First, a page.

CALGARY -- A partnership between Oxford House and Poundmaker’s Lodge treatment centres has blossomed a new beginning for Indigenous women seeking help to recover from trauma or addictions.

"It’s the first of its kind, so it's going to be a learning process for everybody," said Earl Thiessen, executive director of Oxford House.

The home, named "Red Woman House" will accommodate between four to five women, all who have gone through hardships. It will match the men's home that opened in Dec. 2019, making two such shelters in the city.

A red print cloth was presented to the residents, which is displayed near the front door.

Officials say this is just one of the steps to making the women feel safe and on the path to recovery.

"They take care of the house. The house is theirs," said Thiessen. "We oversee the operation of it, we want them to feel at home, we want them to feel safe."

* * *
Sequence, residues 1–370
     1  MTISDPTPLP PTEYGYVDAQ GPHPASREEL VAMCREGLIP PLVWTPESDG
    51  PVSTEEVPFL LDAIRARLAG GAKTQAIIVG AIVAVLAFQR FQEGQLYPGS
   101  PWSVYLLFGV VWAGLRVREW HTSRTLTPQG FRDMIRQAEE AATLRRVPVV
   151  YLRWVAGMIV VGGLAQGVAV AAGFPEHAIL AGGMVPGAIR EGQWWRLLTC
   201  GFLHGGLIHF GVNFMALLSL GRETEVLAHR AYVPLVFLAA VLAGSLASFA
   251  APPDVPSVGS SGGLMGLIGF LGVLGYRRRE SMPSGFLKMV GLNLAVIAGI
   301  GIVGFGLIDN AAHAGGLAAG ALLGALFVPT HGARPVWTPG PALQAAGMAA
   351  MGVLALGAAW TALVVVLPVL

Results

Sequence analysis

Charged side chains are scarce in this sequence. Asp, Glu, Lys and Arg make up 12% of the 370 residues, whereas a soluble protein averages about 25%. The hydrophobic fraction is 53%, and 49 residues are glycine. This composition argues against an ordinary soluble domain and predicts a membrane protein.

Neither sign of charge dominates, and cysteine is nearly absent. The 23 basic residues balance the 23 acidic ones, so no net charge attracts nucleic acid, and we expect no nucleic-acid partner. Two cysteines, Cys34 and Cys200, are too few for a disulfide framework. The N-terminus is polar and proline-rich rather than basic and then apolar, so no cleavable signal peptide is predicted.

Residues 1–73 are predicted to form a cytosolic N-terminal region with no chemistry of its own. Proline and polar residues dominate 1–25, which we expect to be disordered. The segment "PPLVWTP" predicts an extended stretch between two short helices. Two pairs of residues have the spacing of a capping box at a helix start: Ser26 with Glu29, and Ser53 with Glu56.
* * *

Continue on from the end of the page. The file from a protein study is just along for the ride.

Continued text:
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The home was officially opened on Sunday, but resident Shannon Little Light has been living there for several days.

It was the chance she needed, to live a happy life.

"I came so far from my addictions, I’ve been five months sober," said Little Light. "It gave me a home, it gave me hope, it gave me a home to regain my life back."

Little Light says she’s excited to welcome new residents in, over the next week, adding it will be a chance to build connections.

"I know some of them won’t have homes, and this is a start for them, it was a start for me, it is a start for me," she said. "I’m on my way to going back to school, getting my education, I want to help people."

The home was blessed by Blood Tribe elder Georgette Fox (Niipoomahkii - Leaf Woman).

Fox says homes like this are needed to protect vulnerable Indigenous women and girls.

"This one is specifically for us, and it's a real blessing," she said.

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Officials say this home is a chance for Indigenous women to stay true to culture.

"We want to ensure that they have the ability to connect with female elders," said Brad Cardinal, executive director of the Poundmaker’s Lodge Treatment Centres. "The ladies have an opportunity to practice their culture in the way they see fit, based on the cultural group they belong to."

Staff say the home will allow the women in the early stages of recovery, to flourish mentally, physically, emotionally and spiritually.